NCSC sees no ‘significant improvement’ in Huawei’s overall security practices

Annual report investigating perceived risks of Huawei’s involvement in parts of UK critical national infrastructure finds vulnerabilities and slow progress in remediation, but concludes that all perceived risks are manageable

The National Cyber Security Centre (NCSC)’s annual Huawei Cyber Security Evaluation Centre (HCSEC) oversight board report has concluded that limited progress has been made in the remediation of security issues identified a year ago, making it inappropriate to change the Chinese firm’s current level of security assurance.

In the background to the latest report investigating perceived risks arising from Huawei’s involvement in parts of the UK’s critical national infrastructure is the July 2020 decision by the UK government to commit to a timetable for the removal of Huawei equipment from the 5G network by 2027.

That decision was taken after the NCSC reviewed the consequences of the decision by the US government on 15 May to extend its restrictions on the sale of hardware and software to so-called “high-risk” suppliers such as Huawei, leading to the Chinese comms tech giant not being able to purchase equipment from longstanding suppliers.

The NCSC regarded the US move as creating uncertainty around the Huawei supply chain, and that the UK could no longer be confident that it would be able to guarantee the security of future Huawei 5G equipment. In addition to the ban on its 5G technology from mobile networks, the UK government also investigated Huawei’s place in the country’s growing fixed broadband infrastructure.

Before it revealed the full details of the latest HCSEC oversight board report, the NCSC noted that HCSEC had been running for nine years and that its relationship with the tech supplier through the HCSEC oversight board was a unique way of managing risk, which could not simply be “transplanted” to another country.

It stressed that the timeframe of the report covered the calendar year of 2019, before the imposition of US sanctions. In addition to what the NCSC called ongoing significant analytic effort around the effects of US sanctions, the report’s publication has also been delayed relative to previous years because of the Covid-19 pandemic.

Although the report’s authors noted that there had not been many significant changes in the overall security assessment compared with previous years, they indicated that they had seen no significant improvement in Huawei’s overall engineering and security practices over the 12 months since it last investigated the company. The report added that the NCSC was still to see any evidence around Huawei’s transformation programme having any sort of long-term effect.

Yet the NCSC did point out that when it talked last year about a particular piece of equipment, it found that Huawei had carried out engineering on that product and made its next release better, showing that it had the capability for improvement. But the NCSC stressed that such demonstrations did not necessarily lead to indications of the long term, so it stuck to a low assurance rating for the future.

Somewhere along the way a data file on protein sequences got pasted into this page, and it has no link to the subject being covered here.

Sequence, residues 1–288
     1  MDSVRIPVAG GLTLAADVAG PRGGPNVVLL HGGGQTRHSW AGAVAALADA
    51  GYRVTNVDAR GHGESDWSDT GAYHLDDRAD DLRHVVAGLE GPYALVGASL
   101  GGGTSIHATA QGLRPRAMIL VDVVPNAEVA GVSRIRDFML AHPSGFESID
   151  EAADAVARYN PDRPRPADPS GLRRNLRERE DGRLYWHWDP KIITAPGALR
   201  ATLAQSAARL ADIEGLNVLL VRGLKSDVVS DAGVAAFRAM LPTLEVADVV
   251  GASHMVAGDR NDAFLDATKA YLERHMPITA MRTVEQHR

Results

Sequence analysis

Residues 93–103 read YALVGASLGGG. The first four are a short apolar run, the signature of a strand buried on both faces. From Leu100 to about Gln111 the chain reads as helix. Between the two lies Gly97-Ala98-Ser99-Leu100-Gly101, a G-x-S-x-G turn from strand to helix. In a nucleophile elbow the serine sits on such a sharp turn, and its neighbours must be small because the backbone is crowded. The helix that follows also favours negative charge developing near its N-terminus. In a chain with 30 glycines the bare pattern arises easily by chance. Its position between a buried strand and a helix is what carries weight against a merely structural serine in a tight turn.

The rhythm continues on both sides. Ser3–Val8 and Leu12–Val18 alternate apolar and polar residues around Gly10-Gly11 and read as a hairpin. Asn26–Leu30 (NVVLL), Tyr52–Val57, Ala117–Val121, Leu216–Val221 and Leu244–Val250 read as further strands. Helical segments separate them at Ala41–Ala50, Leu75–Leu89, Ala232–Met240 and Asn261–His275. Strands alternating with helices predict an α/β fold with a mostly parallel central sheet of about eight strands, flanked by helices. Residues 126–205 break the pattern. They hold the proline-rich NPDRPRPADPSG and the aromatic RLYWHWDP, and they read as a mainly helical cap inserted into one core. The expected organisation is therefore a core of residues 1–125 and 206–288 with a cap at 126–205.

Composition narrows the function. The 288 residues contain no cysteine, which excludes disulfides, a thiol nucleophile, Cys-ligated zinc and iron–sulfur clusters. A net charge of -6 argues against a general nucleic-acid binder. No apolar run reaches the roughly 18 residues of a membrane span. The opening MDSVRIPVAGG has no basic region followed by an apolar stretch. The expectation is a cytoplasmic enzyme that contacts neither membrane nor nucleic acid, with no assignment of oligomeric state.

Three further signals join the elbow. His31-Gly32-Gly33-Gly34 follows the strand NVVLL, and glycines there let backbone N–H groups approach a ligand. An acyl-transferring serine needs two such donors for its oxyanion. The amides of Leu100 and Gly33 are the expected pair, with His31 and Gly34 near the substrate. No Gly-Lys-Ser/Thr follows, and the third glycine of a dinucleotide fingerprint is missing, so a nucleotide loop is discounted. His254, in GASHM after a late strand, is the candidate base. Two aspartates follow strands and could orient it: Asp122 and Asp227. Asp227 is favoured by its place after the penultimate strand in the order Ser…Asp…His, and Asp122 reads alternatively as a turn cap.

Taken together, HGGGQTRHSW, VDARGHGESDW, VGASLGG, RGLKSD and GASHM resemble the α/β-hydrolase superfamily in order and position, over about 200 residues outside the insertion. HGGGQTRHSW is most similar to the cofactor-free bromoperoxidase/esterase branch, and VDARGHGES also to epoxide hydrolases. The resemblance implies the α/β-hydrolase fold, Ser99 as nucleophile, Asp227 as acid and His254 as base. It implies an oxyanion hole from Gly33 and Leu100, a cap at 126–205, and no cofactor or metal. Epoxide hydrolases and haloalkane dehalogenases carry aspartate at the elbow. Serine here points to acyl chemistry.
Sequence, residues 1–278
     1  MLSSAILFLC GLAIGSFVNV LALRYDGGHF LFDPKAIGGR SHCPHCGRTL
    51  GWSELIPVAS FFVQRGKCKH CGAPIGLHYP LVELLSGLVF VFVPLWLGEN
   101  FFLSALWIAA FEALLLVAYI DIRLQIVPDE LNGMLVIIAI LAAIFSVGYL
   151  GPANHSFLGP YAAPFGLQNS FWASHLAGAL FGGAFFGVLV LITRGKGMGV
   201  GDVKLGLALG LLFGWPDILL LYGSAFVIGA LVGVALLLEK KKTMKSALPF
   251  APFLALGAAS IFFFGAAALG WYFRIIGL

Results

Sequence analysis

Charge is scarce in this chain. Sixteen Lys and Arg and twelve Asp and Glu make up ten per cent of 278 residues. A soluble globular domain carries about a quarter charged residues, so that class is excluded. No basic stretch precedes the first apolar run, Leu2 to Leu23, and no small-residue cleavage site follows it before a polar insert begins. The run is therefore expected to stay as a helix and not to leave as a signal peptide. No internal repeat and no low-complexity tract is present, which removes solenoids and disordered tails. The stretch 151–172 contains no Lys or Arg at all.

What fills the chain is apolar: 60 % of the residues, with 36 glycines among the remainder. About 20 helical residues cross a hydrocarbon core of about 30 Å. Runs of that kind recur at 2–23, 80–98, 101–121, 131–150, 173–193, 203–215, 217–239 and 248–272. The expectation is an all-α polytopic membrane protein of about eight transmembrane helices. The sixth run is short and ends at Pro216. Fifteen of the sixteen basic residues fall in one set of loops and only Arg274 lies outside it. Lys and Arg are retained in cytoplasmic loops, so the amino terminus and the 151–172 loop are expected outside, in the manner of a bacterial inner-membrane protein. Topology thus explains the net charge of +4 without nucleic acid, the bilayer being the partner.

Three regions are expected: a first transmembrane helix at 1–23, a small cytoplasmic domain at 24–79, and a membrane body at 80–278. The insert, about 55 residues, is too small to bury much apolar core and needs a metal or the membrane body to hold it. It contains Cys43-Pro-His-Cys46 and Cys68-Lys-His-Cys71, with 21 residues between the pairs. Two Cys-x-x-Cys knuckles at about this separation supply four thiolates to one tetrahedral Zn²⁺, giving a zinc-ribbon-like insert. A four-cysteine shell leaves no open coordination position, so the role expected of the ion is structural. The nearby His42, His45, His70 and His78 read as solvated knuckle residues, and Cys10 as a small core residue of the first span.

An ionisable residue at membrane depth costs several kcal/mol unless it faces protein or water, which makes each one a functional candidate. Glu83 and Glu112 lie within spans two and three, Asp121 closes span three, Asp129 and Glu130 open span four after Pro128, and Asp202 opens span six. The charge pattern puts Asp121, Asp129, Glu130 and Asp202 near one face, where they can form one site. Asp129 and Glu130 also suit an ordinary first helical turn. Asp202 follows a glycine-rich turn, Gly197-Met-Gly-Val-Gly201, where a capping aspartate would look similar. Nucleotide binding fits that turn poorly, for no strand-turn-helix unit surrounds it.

The report also highlighted a particular vulnerability found in Huawei broadband technology. This related to legacy software components in the product, plus some vulnerabilities linked to a set of risks that needed to be managed. The vulnerability discovered over the last year required extraordinary measures to be taken on behalf of operators using the kit.

Huawei has since fixed the specific vulnerabilities in the UK, but in doing so, said the NCSC, had introduced an additional major issue into the product. This, it said, was further evidence that deficiencies in Huawei’s engineering processes remain.

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The NCSC said it had seen no evidence of any exploitation attempts regarding the vulnerability highlighted and that, as it stands, the NCSC was still happy that it could maintain and manage the risk of the extensive amount of Huawei kit that was in the UK, used by operators such as Vodafone and BT, subject to government policy.

There was, it said, no basis to advise the UK government to accelerate the process of removing Huawei kit from the UK’s communications infrastructure as per the timetable announced in July.

The NCSC emphasised that removing Huawei 5G technology from the UK’s networks was fundamentally not because of an ability to manage the security risk, but because of the US sanctions, and the fact that this decision had altered equipment supply chains and what was likely to be installed in communications systems in future. It added that, as regards the infrastructure, everything was entirely manageable.

Commenting on the report, Huawei said it had highlighted the fact that the HCSEC has been an effective way to mitigate cyber security risks in the UK. “The report acknowledges that while our software transformation process is in its infancy, we have made some progress in improving our software engineering capabilities,” it said.

Huawei has faced the highest level of scrutiny for almost 10 years. This rigorous review sets a precedent for cyber security collaboration between the public and private sectors, and has provided valuable insights for the telecoms sector. We believe this mechanism can benefit the entire industry and Huawei calls for all vendors to be evaluated against an equally robust benchmark, to improve security standards for everyone.”

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